A reed in the wind

One of my best friends is a guy who had deep links with the pre-Chávez Venezuelan military.

Since I know next to nothing about the culture inside our armed forces, a few years ago I asked him whether he thought they had actually bought into the revolution. Were they in it hook, line, and sinker?

“Nah,” he said to me. “They’re in it for the money. These guys are like reeds in the wind – as soon as the winds change, they will flip sides and go with it.”

I kept thinking about his remarks after reports began surfacing about the role played by Defense Minister General Vladimir Padrino last Sunday.

According to the well-sourced Emili Blasco of ABC, a Spanish daily, there was a confrontation last Sunday between Nicolas Maduro on the one hand, and Padrino and a cadre of military men on the other. El Nuevo Herald confirms the story through its own sources.

According to the tale, facing an electoral rout, Maduro and Cabello were calling to suspend the election and call out paramilitary goons, but the military said they would not go along with it. Blasco has even said that the government was losing in pre-election military polls, and that it actually lost in all military voting centers. This is confirmed by stories we are now hearing of so-and-so coronel and such-and-such general saying to their families that “of course they do not support this corrupt regime.”

All of this has allegedly prompted an all-out military crisis inside the government.

We have no way of knowing if this is true. What is apparently true is that General Padrino wants it to sound like it is true.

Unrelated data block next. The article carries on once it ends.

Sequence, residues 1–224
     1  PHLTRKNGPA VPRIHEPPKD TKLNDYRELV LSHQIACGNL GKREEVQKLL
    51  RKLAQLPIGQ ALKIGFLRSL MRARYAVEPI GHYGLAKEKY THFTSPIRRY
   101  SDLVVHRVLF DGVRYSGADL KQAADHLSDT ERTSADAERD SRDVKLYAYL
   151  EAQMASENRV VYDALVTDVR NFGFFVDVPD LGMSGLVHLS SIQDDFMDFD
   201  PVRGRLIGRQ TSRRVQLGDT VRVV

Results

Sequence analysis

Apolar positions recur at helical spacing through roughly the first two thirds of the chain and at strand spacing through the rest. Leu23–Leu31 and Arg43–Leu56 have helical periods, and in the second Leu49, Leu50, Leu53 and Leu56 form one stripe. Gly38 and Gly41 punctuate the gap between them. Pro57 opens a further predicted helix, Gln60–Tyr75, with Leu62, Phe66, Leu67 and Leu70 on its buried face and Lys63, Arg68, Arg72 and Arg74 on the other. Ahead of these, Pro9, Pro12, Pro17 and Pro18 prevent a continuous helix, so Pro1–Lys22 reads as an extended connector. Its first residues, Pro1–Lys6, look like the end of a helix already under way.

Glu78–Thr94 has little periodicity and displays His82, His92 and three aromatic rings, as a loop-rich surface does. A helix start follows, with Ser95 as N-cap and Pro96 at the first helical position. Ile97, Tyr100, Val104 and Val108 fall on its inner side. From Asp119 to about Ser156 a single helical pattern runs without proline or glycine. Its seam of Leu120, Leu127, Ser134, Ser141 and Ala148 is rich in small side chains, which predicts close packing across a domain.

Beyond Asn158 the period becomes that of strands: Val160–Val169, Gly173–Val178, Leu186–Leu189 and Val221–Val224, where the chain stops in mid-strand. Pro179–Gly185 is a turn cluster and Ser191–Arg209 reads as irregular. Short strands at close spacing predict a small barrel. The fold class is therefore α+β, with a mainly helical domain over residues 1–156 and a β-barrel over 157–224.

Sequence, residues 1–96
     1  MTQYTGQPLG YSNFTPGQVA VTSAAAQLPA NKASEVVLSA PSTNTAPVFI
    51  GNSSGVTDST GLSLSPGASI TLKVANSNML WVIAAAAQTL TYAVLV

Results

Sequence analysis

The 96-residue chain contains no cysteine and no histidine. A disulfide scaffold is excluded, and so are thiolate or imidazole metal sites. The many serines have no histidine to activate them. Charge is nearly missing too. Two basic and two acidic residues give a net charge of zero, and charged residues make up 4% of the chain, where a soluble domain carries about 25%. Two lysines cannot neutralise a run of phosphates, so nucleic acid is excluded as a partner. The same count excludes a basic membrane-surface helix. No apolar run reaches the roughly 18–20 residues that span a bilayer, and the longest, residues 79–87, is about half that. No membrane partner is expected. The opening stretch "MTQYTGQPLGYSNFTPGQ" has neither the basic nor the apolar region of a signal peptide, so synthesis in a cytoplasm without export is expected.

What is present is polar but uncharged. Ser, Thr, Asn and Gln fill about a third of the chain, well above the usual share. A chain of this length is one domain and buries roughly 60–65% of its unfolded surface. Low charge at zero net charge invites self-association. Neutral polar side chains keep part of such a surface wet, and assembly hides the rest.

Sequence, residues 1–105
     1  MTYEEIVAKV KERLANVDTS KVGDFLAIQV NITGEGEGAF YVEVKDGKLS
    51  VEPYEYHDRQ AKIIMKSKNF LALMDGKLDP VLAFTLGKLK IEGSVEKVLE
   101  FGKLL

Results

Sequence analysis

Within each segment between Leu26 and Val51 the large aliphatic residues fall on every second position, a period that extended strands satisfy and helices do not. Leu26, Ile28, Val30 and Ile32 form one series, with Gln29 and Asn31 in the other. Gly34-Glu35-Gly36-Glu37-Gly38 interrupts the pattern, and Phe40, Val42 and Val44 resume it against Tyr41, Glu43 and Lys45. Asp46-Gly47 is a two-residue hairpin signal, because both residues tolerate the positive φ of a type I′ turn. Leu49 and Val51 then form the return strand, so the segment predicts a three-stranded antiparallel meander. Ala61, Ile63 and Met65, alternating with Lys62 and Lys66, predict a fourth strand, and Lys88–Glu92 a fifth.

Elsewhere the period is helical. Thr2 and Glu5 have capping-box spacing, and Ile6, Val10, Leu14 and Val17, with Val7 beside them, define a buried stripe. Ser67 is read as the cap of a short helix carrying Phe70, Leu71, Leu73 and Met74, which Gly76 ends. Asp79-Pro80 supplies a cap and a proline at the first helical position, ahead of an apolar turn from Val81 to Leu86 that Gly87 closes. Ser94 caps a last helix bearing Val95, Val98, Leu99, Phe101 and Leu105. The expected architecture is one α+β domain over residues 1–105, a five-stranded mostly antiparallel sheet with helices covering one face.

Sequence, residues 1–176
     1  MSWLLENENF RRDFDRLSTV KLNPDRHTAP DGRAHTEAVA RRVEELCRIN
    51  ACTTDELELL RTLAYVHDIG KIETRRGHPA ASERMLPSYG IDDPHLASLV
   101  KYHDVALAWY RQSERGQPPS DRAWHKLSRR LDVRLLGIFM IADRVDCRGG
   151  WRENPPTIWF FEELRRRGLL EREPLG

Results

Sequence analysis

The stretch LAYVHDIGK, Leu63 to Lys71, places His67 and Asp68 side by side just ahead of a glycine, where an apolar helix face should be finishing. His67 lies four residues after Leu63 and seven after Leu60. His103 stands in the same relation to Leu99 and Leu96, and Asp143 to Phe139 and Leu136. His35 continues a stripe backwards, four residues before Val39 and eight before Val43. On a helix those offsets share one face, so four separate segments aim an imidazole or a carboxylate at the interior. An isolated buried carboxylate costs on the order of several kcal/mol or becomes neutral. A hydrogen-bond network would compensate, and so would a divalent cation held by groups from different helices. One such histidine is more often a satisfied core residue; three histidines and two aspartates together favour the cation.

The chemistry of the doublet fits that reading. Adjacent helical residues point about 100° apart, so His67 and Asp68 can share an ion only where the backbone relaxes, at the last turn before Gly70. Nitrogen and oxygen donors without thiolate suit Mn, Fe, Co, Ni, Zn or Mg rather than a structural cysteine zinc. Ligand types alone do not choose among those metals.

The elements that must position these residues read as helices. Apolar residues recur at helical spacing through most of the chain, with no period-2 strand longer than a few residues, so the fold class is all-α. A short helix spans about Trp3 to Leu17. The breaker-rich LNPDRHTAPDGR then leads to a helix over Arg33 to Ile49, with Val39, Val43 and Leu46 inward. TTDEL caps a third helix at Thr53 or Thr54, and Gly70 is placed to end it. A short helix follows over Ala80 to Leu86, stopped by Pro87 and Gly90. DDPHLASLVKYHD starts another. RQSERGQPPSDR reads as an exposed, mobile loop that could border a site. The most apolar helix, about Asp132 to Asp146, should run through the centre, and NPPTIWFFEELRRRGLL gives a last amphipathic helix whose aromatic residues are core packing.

Many, if not all, of these stories are being leaked via people inside Padrino’s inner circle. The more they circulate, the more the myth grows that Padrino saved Venezuelan democracy. That suggests that the two-thirds majority the opposition managed to win represents a seismic change in Venezuela’s politics.

The government is in full crisis mode. Everything from Maduro’s crazy rants while addressing the nation from Hugo Chavez’s coffin to Aporrea’s deliriously delicious coverage of the last few days says this is so.

But the crisis that would really matter would be in the military and in the courts. Those are the movements we need to be tracking, because that’s where Maduro’s true power lies. The rest is just a sideshow.

As for General Padrino, it’s going to take the opposition a long time to forgive this, and this, and this.

He can shake with the wind all he wants, but his track record should fool nobody.

Caracas Chronicles is 100% reader-supported. Support independent Venezuelan journalism by making a donation.